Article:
# Van der waals forces interaction

My slides say:

A gas with low density in which you can consider the attractive energy the sum of the isolate atoms couple $$u=\int^S_\sigma{4\pi\frac{N}{V}}\left(\frac{\beta}{r^6}\right)r^2\mathrm{d}r=-\frac{4\pi N\beta}{V}\int^S_\sigma{r^{-4}} \mathrm{d}r=-\frac{4\pi N\beta}{3V}\left(\frac{1}{s^3}-\frac{1}{\sigma^3}\right)$$

and then continue:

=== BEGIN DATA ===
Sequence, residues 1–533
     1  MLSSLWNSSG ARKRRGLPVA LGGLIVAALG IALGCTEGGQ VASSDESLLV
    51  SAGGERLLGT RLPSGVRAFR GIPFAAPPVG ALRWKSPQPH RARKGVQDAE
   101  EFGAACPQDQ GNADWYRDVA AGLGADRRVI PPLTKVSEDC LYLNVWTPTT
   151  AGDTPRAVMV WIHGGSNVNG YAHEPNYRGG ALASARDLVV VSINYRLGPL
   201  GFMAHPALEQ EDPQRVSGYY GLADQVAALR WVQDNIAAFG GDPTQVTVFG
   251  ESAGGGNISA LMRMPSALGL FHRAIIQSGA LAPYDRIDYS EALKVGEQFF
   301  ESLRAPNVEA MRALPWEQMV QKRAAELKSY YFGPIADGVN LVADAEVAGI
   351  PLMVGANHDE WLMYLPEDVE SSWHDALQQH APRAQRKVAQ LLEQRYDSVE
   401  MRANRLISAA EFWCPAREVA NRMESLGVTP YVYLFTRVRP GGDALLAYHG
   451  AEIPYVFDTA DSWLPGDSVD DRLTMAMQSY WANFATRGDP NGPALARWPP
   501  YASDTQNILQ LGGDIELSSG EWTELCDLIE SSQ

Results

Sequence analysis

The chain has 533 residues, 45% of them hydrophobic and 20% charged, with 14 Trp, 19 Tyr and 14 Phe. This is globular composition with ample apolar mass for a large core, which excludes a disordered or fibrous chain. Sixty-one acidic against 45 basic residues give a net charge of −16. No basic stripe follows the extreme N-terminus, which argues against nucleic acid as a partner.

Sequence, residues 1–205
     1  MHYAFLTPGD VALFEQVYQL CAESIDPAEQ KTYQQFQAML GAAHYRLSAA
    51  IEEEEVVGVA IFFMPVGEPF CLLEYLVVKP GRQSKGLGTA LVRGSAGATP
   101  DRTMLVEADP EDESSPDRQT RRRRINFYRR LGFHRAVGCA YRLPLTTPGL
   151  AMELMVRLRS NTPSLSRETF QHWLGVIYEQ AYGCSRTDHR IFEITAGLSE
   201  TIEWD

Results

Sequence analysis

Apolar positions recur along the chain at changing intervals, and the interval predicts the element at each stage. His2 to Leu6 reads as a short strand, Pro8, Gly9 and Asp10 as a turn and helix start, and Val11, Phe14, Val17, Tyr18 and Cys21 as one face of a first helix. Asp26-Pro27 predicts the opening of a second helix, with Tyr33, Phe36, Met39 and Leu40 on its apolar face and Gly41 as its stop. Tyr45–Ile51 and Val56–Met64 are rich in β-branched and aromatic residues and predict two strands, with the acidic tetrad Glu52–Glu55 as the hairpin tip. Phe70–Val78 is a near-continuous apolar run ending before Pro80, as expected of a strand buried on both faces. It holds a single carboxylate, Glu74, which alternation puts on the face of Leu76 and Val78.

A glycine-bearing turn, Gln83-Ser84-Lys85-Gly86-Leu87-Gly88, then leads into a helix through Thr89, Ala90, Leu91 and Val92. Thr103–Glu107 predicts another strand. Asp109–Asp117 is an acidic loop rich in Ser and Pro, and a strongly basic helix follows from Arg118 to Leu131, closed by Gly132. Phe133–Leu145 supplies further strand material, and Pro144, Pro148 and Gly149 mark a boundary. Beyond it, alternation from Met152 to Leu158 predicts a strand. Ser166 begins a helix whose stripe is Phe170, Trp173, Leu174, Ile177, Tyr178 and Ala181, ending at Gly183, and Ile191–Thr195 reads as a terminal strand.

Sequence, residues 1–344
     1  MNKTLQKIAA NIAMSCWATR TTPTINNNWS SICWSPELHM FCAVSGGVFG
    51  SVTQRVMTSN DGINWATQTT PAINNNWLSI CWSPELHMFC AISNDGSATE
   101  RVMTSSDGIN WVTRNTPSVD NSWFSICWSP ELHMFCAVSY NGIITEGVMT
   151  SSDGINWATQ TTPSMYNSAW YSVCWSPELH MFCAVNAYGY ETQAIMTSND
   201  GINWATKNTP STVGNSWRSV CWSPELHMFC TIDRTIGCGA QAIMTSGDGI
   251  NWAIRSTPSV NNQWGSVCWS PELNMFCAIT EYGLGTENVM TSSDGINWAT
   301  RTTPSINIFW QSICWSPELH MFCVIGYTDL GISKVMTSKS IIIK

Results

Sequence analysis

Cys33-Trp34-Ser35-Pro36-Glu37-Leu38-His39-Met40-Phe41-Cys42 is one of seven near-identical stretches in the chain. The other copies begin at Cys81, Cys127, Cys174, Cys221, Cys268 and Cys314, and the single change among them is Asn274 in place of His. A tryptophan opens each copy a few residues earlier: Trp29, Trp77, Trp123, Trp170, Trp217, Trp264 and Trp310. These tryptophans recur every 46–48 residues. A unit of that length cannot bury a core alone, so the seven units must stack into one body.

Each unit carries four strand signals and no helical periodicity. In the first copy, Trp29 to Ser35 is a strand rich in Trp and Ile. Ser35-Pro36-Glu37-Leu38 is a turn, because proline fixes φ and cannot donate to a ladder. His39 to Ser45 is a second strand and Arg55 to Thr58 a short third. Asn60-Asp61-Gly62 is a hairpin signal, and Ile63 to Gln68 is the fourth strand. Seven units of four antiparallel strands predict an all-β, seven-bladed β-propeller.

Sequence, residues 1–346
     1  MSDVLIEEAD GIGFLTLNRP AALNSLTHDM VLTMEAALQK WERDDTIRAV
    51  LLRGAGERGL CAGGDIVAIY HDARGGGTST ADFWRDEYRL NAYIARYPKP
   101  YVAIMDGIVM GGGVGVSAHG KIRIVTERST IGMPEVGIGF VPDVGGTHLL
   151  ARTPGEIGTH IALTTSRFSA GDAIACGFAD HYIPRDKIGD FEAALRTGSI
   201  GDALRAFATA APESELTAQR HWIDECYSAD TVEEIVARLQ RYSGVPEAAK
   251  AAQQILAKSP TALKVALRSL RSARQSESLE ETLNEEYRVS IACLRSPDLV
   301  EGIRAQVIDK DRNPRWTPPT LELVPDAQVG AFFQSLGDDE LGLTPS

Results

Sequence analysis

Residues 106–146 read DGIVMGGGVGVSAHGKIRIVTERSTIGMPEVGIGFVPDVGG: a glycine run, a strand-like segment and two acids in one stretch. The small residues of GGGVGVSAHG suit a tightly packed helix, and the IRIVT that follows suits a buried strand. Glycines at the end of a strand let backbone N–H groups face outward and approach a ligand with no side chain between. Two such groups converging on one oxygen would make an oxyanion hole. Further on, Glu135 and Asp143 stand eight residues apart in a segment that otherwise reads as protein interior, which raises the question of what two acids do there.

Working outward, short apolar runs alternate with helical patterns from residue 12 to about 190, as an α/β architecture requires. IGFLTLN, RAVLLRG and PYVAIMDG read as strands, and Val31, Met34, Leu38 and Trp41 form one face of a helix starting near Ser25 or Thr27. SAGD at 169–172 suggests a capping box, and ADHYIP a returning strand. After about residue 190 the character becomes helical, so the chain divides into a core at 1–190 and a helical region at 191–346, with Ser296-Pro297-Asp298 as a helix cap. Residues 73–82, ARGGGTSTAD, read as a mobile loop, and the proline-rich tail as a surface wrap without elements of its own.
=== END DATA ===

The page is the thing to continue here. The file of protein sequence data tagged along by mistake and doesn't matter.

$$=-\frac{4\pi N\beta}{3V{\sigma^3}}$$

where

• $$\sigma$$ is the diameter of the atom;

• $$\frac{N}{V}$$ is density.

Question: How was $$\large{\frac{1}{s^3}}$$ canceled to get from $$\large{\frac{4\pi N\beta}{3V}\left(\frac{1}{s^3}-\frac{1}{\sigma^3}\right)}$$ to $${\large{-\frac{4\pi N\beta}{3V{\sigma^3}}}}\,?$$

• Seems like a low-density gas would tend to have particles far apart, right? If we take that to the limit, then $\lim\limits_{s \to \infty}{\left(\frac{1}{s^3}\right)} = \, ?$ – Nat Feb 9 at 22:50
• Classic case of a bad slice. They should have said, that this is an approximation – user8408080 Feb 10 at 2:07